It’s one thing to know what one doesn’t want, but it can be a wee bit harder to know what one wants. The Scottish National Party do not want Scotland to remain part of Britain. They sound like they know what they want because they go on about wanting independence.
Mrs Sturgeon has been getting plenty of air time and column inches in the months following the Brexit referendum. She has had many opportunities to go beyond a few buzz words and explain what her plan actually is for Scotland if secession from Britain is accomplished. I don’t get the sense that she knows where she’s going once she’s out that door.
Even before the Brexit referendum, Mrs Sturgeon had articulated SNP’s desire to leave the UK and join the EU as a member state. I have always struggled with this concept of leaving a small union only to join a much larger union and have even less influence. (It’s tempting to use some fish metaphors here, but I will resist.) What is the point?
After the Brexit referendum, the case for wanting to join the EU acquired the heretofore lacking context. A lucky retrofit.
Still, there is deafening silence amongst SNP members on how Scotland would survive as a sovereign nation and become a member state of the European Union. It seems to me that they simply assume that Scotland will ascend to EU membership almost without delay after leaving the UK.
I do not understand why that would be the case.
The EU has a giant fiscal debacle called Greece. Greece is the reigning champ in terms of national deficit as a proportion of GDP. Greece makes Spain in second place look healthy.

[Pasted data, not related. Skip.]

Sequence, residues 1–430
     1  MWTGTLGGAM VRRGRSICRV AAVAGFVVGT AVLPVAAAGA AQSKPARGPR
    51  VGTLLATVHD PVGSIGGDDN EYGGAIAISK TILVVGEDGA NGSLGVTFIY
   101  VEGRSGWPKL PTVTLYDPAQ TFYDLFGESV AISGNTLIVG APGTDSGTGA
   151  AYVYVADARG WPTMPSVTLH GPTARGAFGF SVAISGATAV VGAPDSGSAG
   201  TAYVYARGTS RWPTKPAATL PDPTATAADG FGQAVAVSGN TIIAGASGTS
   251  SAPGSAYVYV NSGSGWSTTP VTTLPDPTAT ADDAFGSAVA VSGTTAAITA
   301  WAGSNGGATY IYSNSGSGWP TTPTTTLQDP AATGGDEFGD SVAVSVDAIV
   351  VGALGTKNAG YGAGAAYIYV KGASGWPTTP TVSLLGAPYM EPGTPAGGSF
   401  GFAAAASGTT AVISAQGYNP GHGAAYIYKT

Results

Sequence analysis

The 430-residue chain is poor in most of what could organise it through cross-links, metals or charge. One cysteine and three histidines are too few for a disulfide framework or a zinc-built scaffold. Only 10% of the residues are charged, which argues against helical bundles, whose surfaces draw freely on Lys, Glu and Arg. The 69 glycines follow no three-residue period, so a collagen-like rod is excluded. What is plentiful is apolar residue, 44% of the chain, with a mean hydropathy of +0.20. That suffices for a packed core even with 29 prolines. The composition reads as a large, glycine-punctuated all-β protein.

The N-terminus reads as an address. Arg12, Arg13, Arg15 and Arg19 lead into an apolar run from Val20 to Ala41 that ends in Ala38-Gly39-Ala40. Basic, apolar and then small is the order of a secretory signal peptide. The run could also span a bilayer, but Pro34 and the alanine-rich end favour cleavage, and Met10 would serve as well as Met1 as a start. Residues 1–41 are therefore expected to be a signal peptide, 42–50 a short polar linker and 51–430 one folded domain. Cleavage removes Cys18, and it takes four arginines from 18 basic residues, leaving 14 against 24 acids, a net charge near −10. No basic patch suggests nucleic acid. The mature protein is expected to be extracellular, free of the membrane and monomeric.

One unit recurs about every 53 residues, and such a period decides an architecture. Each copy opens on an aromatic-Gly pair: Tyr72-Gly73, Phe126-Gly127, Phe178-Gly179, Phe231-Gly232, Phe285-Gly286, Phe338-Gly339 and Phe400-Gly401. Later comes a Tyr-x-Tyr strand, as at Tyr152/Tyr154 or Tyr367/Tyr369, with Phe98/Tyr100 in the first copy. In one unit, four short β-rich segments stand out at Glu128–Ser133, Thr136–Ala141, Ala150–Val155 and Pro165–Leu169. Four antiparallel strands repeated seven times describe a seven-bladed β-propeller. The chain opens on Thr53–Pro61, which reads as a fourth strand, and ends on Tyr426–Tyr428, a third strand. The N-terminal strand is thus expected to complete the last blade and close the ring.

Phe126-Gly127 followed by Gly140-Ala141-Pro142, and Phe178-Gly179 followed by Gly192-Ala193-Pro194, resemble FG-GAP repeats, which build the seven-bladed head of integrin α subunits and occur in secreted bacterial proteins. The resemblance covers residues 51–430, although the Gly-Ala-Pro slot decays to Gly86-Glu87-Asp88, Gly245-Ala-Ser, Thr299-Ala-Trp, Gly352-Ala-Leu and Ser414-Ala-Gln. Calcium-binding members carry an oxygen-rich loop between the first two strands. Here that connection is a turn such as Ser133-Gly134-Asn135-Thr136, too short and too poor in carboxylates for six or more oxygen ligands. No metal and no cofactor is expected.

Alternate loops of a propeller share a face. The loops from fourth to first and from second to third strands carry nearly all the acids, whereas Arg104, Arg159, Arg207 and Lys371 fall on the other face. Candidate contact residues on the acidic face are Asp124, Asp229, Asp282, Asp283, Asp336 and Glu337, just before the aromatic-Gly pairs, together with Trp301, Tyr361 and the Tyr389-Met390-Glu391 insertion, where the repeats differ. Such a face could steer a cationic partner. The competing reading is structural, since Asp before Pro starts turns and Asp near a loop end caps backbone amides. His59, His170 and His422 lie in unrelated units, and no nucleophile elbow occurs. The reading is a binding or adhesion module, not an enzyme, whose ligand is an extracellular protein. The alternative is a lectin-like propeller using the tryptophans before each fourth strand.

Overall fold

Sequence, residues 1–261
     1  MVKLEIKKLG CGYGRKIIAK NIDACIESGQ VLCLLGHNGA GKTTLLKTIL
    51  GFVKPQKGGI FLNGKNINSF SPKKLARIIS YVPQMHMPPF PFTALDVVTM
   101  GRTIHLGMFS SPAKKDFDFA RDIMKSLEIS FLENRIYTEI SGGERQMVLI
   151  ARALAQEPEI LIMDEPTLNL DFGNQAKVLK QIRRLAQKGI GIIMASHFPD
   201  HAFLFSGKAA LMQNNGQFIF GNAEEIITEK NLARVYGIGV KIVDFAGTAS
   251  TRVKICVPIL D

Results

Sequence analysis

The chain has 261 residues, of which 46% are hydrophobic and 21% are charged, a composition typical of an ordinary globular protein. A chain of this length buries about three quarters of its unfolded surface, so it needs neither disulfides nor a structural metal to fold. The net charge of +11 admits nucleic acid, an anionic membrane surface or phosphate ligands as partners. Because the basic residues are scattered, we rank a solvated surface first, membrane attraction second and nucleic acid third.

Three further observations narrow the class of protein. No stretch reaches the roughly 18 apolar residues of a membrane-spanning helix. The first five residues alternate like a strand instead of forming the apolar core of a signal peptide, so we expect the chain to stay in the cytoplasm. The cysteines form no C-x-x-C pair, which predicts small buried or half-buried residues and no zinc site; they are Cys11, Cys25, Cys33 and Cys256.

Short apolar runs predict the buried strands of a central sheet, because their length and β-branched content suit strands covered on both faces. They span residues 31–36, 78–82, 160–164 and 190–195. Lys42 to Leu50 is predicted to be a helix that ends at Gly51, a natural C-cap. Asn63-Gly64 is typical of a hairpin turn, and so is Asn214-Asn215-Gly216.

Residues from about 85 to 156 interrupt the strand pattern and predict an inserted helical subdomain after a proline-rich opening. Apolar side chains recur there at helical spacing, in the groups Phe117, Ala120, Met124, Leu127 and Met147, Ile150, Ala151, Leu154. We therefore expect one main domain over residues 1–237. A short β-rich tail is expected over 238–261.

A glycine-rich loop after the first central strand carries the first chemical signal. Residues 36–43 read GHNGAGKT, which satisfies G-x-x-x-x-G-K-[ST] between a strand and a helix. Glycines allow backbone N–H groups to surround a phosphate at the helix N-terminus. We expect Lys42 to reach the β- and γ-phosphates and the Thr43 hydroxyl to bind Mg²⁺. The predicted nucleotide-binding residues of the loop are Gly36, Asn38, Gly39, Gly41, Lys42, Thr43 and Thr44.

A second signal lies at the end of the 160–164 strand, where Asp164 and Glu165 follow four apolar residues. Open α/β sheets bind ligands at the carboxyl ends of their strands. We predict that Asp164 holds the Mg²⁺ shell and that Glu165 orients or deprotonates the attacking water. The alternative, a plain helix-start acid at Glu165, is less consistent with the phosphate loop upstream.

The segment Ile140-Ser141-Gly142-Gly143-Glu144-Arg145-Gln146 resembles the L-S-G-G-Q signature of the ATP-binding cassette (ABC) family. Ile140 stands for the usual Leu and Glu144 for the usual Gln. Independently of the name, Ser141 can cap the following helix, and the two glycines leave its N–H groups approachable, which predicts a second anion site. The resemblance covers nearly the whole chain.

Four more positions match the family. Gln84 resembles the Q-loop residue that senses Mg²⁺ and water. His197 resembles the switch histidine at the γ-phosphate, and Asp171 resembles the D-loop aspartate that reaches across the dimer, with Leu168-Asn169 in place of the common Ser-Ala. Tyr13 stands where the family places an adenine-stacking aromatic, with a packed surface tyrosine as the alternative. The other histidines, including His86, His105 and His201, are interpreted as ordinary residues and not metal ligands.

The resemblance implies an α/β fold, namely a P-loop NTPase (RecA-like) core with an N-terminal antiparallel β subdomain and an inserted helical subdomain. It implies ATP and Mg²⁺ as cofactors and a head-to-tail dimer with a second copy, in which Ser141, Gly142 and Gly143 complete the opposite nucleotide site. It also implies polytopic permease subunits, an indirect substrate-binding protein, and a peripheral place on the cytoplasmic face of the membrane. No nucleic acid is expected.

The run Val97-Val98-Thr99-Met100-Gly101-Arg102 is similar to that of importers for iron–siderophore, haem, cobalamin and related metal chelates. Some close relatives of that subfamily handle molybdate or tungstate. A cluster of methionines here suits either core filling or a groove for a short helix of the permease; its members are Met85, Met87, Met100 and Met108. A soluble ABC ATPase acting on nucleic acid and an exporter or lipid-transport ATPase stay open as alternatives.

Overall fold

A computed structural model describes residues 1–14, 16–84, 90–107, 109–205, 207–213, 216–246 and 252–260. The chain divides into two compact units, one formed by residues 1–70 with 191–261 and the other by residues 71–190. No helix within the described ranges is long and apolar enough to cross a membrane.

Scotland makes Greece look like a booming economy.
It is politically and economically untenable for the EU to allow Scotland to become a member state unless and until Scotland sorts out her finances. Does Mrs Sturgeon have a realistic plan to accomplish this?
SNP supporters often refer to the Scottish oil reserve. It’s a funny thing to say repeatedly. If I were them, I would try not to mention it at all lest I cause awkwardness or even embarrassment.
The estimated cost of oil production in the North Sea, where the Scottish reserve is located, is $44 a barrel. It’s very high. It wouldn’t matter as long as the market price of crude is flying high. However, I wonder if Mrs Sturgeon has seen the prevailing price.
Or, the fact that OPEC and Russia are bracing for a price war. In a price war, the price tends to go down, not up.
One does not need a team of quants at Goldman Sachs to see if Scotland can live off their oil reserve if the handouts from England end without the EU stepping in to fill the void.
It does not seem like Mrs Sturgeon knows what she and her supporters want.